How many U.S. soldiers were wounded in Iraq? No one knows or seems to care

(This is an updated version of a story I first wrote in 2011.)

Somewhere around 275,000 Iraqi civilians are thought to have died during and after the U.S. invasion 20 years ago. No one even pretends to know how many were wounded.

But we also don’t know – and have never reckoned with — how many U.S. servicemembers came back from Iraq less than whole.

News articles about the war in Iraq routinely describe the toll on the U.S. military the way the Pentagon does: 4,487 dead, and 32,226 wounded.

The death count is accurate. But the wounded figure wildly understates the number of American servicemembers who suffered injuries, losses, and lifetime afflictions during the war that George W. Bush and Dick Cheney started based on lies.

The true number of military personnel injured over the course of our nine-year-long fiasco in Iraq is in the hundreds of thousands — maybe even more than half a million.

That’s taking into account all the men and women who returned from their deployments with traumatic brain injuries, post-traumatic stress, depression, hearing loss, breathing disorders, diseases, and other long-term health problems.

We don’t have anything close to an exact number, however, because nobody’s been keeping track.

The much-cited Defense Department casualty figure comes from its tally of “wounded in action” — a narrowly-tailored category that generally applies to servicemembers who needed immediate medical treatment after having been shot or blown up. Explicitly excluded from that category are “injuries or death due to the elements, self-inflicted wounds, combat fatigue” — along with cumulative psychological and physiological strain or many of the other wounds, maladies and losses that are most common among Iraq veterans.

The “wounded in action” category is relatively consistent, historically, so it’s still useful as a point of comparison to previous wars. But there is no central repository of data regarding these other, sometimes grievous, harms. We just have various data points that indicate the magnitude.

Consider, for instance:

  • The Bureau of Labor Statistics reports that 1,985,000 veterans who served in 2003 or later have a service-connected disability — or about 40 percent of the total. Applying that proportion to the 1.5 million servicemembers who served in Iraq, that would come to about 600,000 Iraq veterans with service-connected disabilities.
  • A 2015 report from the VA disclosed that 422,167 veterans of Iraq and Afghanistan were seen for potential or provisional PTSD at VA facilities following their return from Iraq or Afghanistan.
  • A 2014 research study found that rates of PTSD were higher among studies of Iraq-deployed personnel compared with personnel deployed to Afghanistan.
  • A 2008 study of Iraq and Afghanistan veterans by researchers at the RAND Corporation found that 14 percent screened positive for post-traumatic stress disorder (PTSD) and 14 percent for major depression, with 19 percent reporting a probable traumatic brain injury during deployment. (The researchers found that major depression is “highly associated with combat exposure and should be considered as being along the spectrum of post-deployment mental health consequences.”) Applying those proportions to the 1.5 million veterans of Iraq, an estimated 200,000 of them would be expected to suffer from PTSD or major depression, with 285,000 of them having experienced a probable traumatic brain injury.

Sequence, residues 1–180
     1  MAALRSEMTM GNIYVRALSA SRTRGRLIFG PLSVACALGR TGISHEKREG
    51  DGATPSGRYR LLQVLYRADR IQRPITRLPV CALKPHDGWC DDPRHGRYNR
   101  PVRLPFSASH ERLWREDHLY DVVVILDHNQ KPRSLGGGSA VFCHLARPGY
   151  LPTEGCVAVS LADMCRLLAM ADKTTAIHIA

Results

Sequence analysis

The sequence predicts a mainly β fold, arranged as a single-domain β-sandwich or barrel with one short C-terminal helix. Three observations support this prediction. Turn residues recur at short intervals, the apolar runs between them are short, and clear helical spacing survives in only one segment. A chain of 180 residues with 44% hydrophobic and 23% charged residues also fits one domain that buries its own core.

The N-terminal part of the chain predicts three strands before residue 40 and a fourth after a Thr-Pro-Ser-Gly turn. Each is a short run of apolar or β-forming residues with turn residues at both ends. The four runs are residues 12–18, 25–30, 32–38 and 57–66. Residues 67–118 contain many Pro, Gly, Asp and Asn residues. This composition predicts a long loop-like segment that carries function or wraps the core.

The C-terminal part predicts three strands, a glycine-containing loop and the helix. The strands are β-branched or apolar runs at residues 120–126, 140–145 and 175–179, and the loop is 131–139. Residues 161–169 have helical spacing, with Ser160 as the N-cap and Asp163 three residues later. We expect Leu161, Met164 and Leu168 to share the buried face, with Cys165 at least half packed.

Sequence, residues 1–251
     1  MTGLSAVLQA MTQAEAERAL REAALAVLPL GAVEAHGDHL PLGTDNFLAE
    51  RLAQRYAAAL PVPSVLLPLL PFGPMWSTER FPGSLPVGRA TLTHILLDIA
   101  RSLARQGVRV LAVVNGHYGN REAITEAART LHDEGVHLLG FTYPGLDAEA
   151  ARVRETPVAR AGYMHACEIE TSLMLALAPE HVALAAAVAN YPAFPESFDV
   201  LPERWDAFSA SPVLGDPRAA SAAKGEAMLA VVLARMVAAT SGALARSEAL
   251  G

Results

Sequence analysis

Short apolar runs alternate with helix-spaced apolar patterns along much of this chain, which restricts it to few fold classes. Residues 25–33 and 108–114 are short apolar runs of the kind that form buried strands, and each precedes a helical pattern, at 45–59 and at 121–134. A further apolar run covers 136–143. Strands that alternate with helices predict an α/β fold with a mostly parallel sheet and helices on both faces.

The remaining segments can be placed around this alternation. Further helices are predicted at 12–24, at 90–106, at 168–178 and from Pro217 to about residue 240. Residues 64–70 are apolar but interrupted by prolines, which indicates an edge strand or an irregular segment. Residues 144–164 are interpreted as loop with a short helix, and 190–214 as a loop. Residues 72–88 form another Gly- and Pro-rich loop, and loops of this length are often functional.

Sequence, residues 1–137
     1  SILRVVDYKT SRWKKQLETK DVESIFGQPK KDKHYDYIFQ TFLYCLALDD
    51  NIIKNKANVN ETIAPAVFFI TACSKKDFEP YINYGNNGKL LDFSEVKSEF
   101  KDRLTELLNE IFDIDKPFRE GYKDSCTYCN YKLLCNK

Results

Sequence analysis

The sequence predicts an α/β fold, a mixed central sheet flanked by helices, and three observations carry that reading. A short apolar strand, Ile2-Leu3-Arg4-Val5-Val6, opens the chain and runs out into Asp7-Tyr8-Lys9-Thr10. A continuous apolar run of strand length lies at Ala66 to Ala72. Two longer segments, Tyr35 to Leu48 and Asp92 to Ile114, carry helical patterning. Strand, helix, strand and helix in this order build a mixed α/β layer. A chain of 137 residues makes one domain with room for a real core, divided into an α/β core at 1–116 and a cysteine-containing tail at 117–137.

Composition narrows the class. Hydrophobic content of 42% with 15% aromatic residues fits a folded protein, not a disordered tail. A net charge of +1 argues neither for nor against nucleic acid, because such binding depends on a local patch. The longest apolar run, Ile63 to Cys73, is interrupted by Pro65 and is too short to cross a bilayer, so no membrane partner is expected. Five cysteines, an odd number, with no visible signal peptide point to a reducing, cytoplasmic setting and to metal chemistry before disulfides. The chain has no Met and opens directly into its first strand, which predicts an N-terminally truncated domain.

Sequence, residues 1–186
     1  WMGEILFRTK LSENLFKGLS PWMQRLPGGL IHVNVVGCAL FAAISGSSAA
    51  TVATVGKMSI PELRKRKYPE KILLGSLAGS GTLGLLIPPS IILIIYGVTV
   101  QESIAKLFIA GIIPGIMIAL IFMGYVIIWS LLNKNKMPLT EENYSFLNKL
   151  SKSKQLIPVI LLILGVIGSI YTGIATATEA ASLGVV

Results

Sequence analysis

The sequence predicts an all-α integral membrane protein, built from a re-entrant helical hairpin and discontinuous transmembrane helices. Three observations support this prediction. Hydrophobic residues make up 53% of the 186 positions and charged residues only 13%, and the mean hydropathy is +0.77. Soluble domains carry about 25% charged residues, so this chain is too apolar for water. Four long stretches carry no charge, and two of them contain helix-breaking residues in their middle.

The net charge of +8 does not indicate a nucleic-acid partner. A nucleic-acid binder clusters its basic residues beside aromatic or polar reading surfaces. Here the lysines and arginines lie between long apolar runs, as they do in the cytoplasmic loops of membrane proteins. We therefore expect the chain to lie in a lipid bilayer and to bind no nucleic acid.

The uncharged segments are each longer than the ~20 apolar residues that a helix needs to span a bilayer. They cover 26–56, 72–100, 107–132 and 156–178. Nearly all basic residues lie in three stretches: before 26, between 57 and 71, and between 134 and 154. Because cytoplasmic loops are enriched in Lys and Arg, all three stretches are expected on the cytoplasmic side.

• A 2008 study published in the New England Journal of Medicine found that 15 percent of soldiers reported an injury during deployment that involved loss of consciousness or altered mental status, and 17 percent of soldiers reported other injuries. (Using that ratio would suggest that 480,000 Iraq vets were injured one way or the other.) More than 40 percent of soldiers who lost consciousness met the criteria for post-traumatic stress disorder.
  • Altogether, the Iraq and Afghanistan Veterans of America group estimates that as many as 1 in 3 people deployed in those wars suffer from post-traumatic stress disorder, depression, or traumatic brain injury. That would mean as many as 500,000 of the 1.5 million deployed to Iraq.
  • A 2009 Congressional Research Service report, presenting what it called “difficult-to-find statistics regarding U.S. military casualties” offers one indication of how the “wounded in action” category undercounts real casualties. It found that for every soldier wounded in action and medically evacuated from Iraq, more than four more were medically evacuated for other reasons.
  • Hearing loss is common among service-members.  A 2005 Department of Veterans Affairs research paper found that one third of soldiers who had recently returned from deployments in Afghanistan and Iraq were referred to audiologists for hearing evaluations due to exposure to acute acoustic blasts, and 72 percent of them were identified as having hearing loss. Richard Salvi, head of the University of Buffalo’s Center for Hearing and Deafness determined in 2011 that  “as many as 50 percent of combat soldiers in Iraq and Afghanistan who come back have tinnitus” because of the intense noise soldiers must withstand.
  • A March 2010 report from the Institute of Medicine concluded that many wounds suffered in Iraq and Afghanistan will persist over veterans’ lifetimes, and some impacts of military service may not be felt until decades later.

There are surely many other data points out there. But a comprehensive tally escapes us. In the meantime, the figure for “wounded” constantly cited by politicians and the media does not come close to reflecting the real cost to the servicemembers who went to fight for a lie and will never be the same again.

We owe it to them to make a full accounting of their sacrifice — and then never forget it.


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